Colorectal Cancer is the second-leading killer in the U.S., and according to the American Cancer Society (ACS), over 140,000 new cases of colorectal cancer will be diagnosed and over 50,000 will die from the disease in 2018. ACS also notes that “Overall, the lifetime risk of developing colorectal cancer is about 1 in 22 (4.49%) for men and 1 in 24 (4.15%) for women. This risk is slightly lower in women than in men.” African-Americans and Native Americans are at higher risk for developing the disease.
Symptoms of colorectal cancer can range from abdominal pain, rectal bleeding, and chronic constipation to chronic diarrhea and other intestinal problems. An important first symptom is a change in bowel habits. Risk factors include a family history of the disease, a related disease such inflammatory bowel disease or a propensity for developing polyps. Obesity, smoking, poor diet and lack of exercise are also contributing factors.
The ACS has released new guidelines lowering the recommended age for screening from 50 years of age to 45. Yet given the odds of getting colorectal cancer, why then, according to the Center for Disease Control (CDC) are 1 in 3 adults over the age of 50, choosing to skip screening altogether when it could save their lives? The CDC found that up to “23 million people may be at risk for colorectal cancer and not even know it because they’re skipping screening tests.”
One reason may be cost; the others may be the preparation, discomfort and invasive nature of a colonoscopy—considered the gold standard for colorectal cancer screening. The colonoscopy involves a flexible tube—an endoscope–fitted with a tiny camera that’s inserted into the rectum and colon allowing the doctor to view the colon to see whether polyps or other abnormalities are present. This test is the most conclusive but there are risks of perforation, pain and bleeding. Pain is controlled with appropriate short acting anesthesia and perforation is a rare complication. Patients on anticoagulants (blood-thinning medication) must stop them before a colonoscopy and those who take aspirin on a regular basis should stop it two weeks before the procedure.
Another screening test available is the virtual colonoscopy. During a virtual colonoscopy, the doctor does a CT scan of your abdomen and pelvis to create 3-D images which can delineate polyps and other abnormalities inside the colon and rectum. There are downsides— one is the level of radiation a patient might be exposed to during the course of the procedure. Another, should polyps be present, is that a colonoscopy will still have to be performed to view them. Lastly, it is a more costly procedure.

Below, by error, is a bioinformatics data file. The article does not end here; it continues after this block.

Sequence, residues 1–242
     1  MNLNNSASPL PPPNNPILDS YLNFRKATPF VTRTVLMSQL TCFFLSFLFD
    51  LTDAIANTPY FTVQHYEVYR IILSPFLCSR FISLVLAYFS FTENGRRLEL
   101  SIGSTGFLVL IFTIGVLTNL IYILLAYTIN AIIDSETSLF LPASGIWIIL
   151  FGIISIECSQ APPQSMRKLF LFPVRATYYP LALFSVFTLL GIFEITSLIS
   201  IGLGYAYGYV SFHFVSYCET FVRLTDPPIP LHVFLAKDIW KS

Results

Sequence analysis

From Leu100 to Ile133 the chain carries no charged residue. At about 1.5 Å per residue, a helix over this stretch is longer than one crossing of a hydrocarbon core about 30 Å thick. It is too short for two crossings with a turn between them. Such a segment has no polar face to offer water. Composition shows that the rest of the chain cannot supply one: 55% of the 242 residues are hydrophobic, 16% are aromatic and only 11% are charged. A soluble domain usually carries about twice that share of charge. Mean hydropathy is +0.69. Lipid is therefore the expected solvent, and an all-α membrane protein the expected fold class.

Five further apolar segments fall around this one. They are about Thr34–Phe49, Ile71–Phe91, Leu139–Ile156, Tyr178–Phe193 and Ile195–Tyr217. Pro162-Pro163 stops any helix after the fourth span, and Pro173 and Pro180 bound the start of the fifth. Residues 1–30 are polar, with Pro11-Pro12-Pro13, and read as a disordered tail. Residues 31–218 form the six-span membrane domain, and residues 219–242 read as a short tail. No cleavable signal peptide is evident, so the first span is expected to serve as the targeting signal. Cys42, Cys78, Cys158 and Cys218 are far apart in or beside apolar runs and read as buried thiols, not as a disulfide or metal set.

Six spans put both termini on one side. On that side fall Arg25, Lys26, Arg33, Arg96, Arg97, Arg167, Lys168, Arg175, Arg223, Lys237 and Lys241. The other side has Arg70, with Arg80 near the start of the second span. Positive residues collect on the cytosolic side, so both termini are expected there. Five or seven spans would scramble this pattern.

There are in-home blood stool tests — the guaiac fecal occult blood test (FOBT) or the fecal immunochemical test (FIT) which will identify blood in the stool. In general, your primary care physician will do this annually. Furthermore, the test is only an indication that there is intestinal bleeding, and a follow-up visit with a gastroenterologist is needed.
So, what is on the horizon that will make colorectal cancer screening more efficient, less invasive, less costly and infinitely more acceptable to patients?
An Israeli company has developed what they think is the answer. It’s an ultra-low dose ingestible X-ray imaging capsule that requires neither colon cleansing nor sedation as it scans the colon making its way through the gastrointestinal tract (over the course of several days), sending data to a dermal patch receiver. This data is then uploaded and reviewed by your doctor. After the capsule has done its job, it is eliminated naturally.
This technology could reduce colon cancer mortality by screening for precancerous polyps and lesions long before they become malignant and can even be used to monitor at risk patients on a more frequent basis. CheckCap, the company that manufactures this new diagnostic tool has been given CE Mark approval in Europe and is currently working on clinical trials in the U.S. If all goes well, it may reach the market in 2019 or 2020 pending FDA approval.
Several other Israeli companies are also actively developing or marketing colorectal diagnostic tools. For example, Medial EarlySigns, has an artificial intelligence software that can flag data through a series of complex algorithms predicting whether or not a patient will develop colorectal cancer. This allows doctors to assess patient data and intervene sooner if they believe a patient requires treatment or monitoring. The company is currently working with Kaiser Permanente to help diagnose patients within their healthcare system.
Another company is developing a device that clips onto a toilet bowl and according to product information, “the device’s spectral isolation and imaging technologies rapidly analyze solid waste for indicators including blood content, microbiome stability, texture and color that could be warning signs for cancer, irritable bowel syndrome, colitis or Crohn’s disease. It can even distinguish among different people in a household based on Bluetooth signals from their nearby devices.”
Finally, another group of Israeli scientists are adapting tunnel technology used to detect and destroy underground terror tunnels to explore and detect cancer within the tunnels of our colons. No word yet on when this new tool will reach the market.
The options for early detection are varied and growing. So, if you are 45 or older, don’t delay in getting screened.
Strategic Communications Professional/Content Strategist/Marketing Communications Consultant